12. The method of claim 8, further comprising daisy-chaining the memory buffer unit with at least one other memory buffer unit.
13. The method of claim 8, further comprising operating the memory system within an embedded computer system.
14. A computer system, comprising:
a memory controller disposed on a baseboard;
a plurality of memory devices disposed on at least one memory module, wherein the at least one memory module is coupled to but separate from the baseboard; and
a memory buffer unit disposed on the baseboard, wherein the memory buffer unit is coupled to the memory controller, wherein the memory buffer unit is coupled to the at least one memory module, wherein the memory buffer unit is adapted to serialize and deserialize data communicated between the memory controller and the plurality of memory devices, and wherein the memory buffer unit is adapted to route the data among the plurality of memory devices.
15. The computer system of claim 14, wherein a serialized memory interface protocol is adapted to be used between the memory controller and the memory buffer unit.
16. The computer system of claim 14, wherein at least one parallel memory interface protocol is adapted to be used between the memory buffer unit and the plurality of memory devices.
17. The computer system of claim 14, wherein the memory buffer unit is an advanced memory buffer (AMB) unit.
18. The computer system of claim 14, wherein at least one memory module consists of at least one of a Dual In-Line Memory Module (DIMM), a Very Low Profile DIMM (VLP-DIMM), a Small Outline DIMM (SO-DIMM), a Mini DIMM, and a VLP Mini-DIMM.
19. The computer system of claim 14, wherein the baseboard comprises at least one memory module socket adapted for receiving the at least one memory module.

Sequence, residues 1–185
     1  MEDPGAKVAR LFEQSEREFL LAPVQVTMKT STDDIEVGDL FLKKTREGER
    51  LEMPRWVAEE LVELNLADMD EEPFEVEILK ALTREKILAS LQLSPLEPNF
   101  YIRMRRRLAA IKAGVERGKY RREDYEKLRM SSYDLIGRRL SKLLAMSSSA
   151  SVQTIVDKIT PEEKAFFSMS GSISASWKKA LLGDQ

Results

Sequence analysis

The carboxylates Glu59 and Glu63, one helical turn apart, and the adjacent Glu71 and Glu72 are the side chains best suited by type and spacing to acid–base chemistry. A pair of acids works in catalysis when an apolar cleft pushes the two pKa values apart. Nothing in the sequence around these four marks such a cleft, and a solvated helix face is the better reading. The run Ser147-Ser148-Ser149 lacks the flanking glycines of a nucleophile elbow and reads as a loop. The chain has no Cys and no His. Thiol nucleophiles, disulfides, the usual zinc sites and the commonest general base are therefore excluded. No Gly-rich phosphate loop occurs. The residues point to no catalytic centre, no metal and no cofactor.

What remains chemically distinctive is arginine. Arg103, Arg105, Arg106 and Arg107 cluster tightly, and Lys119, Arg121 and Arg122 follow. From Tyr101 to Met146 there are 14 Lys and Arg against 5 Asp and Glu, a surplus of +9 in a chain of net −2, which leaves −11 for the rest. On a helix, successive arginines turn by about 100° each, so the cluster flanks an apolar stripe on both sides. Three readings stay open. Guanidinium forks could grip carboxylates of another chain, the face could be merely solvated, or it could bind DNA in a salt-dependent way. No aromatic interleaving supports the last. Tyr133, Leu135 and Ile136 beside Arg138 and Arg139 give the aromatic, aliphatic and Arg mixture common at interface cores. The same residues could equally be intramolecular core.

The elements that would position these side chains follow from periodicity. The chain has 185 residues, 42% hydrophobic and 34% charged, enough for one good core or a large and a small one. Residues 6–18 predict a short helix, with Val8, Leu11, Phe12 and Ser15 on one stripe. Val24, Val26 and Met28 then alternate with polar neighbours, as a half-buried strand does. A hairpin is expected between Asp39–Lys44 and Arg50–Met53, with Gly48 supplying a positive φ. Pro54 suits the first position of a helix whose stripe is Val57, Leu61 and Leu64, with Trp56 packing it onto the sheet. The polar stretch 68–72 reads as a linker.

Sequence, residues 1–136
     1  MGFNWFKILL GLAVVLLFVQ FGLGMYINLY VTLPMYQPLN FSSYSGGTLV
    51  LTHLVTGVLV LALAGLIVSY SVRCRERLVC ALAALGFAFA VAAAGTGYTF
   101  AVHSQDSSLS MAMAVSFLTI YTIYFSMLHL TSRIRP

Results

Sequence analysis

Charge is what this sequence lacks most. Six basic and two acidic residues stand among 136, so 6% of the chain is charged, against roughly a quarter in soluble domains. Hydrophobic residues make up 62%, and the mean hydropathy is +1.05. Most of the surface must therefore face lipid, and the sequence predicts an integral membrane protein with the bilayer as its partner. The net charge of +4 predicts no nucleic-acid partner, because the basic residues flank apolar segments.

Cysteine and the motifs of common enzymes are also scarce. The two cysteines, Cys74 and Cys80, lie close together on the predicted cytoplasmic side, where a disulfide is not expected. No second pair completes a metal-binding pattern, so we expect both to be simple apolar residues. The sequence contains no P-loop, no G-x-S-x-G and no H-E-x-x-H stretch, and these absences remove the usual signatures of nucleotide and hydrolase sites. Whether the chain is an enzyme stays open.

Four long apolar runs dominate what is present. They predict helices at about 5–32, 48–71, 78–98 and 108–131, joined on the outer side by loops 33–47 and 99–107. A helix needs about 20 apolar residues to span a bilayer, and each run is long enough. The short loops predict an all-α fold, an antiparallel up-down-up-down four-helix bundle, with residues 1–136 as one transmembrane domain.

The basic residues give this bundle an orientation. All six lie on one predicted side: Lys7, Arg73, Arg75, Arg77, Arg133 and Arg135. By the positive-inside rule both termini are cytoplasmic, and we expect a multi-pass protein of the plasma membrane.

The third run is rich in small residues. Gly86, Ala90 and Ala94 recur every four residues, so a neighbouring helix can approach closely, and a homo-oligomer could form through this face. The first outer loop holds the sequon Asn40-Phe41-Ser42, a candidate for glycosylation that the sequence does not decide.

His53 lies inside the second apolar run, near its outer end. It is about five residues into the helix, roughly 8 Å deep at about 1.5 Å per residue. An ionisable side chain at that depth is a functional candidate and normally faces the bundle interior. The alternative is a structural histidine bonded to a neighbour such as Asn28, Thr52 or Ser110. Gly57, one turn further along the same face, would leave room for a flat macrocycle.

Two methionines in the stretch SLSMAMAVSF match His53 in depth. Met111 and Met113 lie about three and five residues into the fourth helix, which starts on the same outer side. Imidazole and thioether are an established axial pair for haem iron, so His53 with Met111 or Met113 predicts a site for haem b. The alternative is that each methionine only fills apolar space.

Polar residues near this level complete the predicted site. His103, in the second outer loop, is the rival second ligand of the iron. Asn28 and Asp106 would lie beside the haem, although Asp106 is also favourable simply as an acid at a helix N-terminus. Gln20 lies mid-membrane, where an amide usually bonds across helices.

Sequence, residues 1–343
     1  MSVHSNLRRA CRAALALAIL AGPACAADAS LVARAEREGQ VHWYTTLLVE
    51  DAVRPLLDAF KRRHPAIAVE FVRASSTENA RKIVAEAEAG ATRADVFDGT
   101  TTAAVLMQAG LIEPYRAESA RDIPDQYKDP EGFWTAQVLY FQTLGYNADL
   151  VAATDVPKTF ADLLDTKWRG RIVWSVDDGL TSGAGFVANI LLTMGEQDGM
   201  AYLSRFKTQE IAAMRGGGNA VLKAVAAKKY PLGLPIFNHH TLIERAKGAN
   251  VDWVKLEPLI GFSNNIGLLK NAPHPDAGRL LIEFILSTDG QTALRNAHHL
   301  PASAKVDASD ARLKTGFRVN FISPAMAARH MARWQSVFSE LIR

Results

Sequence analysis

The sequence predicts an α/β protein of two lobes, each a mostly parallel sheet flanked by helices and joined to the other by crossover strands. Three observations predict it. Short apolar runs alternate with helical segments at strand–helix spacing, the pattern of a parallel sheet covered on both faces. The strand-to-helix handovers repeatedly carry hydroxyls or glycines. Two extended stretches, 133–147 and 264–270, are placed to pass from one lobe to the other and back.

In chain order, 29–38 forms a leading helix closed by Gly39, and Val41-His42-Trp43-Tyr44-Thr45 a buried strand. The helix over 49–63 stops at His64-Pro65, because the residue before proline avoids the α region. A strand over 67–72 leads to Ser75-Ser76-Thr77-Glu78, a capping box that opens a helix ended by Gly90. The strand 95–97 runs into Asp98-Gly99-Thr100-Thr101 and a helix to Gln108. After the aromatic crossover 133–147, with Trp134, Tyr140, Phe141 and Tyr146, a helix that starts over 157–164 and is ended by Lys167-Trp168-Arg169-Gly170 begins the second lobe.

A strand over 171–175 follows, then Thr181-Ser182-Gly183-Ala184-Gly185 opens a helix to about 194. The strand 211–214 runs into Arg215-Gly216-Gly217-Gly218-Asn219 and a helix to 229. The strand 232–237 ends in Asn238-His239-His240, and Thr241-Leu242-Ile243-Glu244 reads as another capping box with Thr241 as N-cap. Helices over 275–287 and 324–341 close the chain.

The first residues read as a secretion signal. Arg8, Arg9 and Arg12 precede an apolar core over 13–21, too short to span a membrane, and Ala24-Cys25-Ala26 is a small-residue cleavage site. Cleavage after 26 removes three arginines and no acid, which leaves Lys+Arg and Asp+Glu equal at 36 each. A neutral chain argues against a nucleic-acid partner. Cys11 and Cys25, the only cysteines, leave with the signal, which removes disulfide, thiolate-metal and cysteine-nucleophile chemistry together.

20. The computer system of claim 14, wherein the memory buffer unit is daisy-chained with at least one other memory buffer unit.
Description
    BACKGROUND OF INVENTION
  • [0001]
    Memory subsystems for embedded computing platforms have stringent design constraints for board real-estate, configurability, performance, form factor and memory module height. Memory technologies such as Fully Buffered Dual In-Line Memory Modules (FB-DIMM) adequately address the need for high-performance DIMM arrays that are easy to route. However, these DIMM modules are too large to fit vertically within many embedded computing form factors.
  • [0002]
    Very Low Profile DIMMs (VLP-DIMM) adequately address the problems associated with high-density board layouts (i.e. allowing for many DIMM modules in a given surface area), and are short enough to be accommodated within compact embedded computing form factors such as ATCA, MicroTCA, and the like. However, VLP-DIMM modules suffer from the same loading constraints as standard DIMM modules, making large arrays of memory modules unrealistic due to electrical loading and/or trace routing complexity.
  • [0003]
    There is a need, not met in the prior art, for a low-profile memory module configuration that avoids electrical loading constraints and/or trace routing constraints of the prior art, while incorporating the advantages of newer, high-performance memory technologies.
  • BRIEF DESCRIPTION OF THE DRAWINGS
  • [0004]
    Representative elements, operational features, applications and/or advantages of the present invention reside inter alia in the details of construction and operation as more fully hereafter depicted, described and claimed—reference being made to the accompanying drawings forming a part hereof, wherein like numerals refer to like parts throughout. Other elements, operational features, applications and/or advantages will become apparent in light of certain exemplary embodiments recited in the Detailed Description, wherein:
  • [0005]
    FIG. 1 representatively illustrates a block diagram of a prior art memory system;
  • [0006]
    FIG. 2 representatively illustrates a block diagram of another prior art memory system;
  • [0007]
    FIG. 3 representatively illustrates a block diagram of a memory buffer unit in accordance with an exemplary embodiment of the present invention;
  • [0008]
    FIG. 4 representatively illustrates a block diagram of a computer system in accordance with an exemplary embodiment of the present invention; and
  • [0009]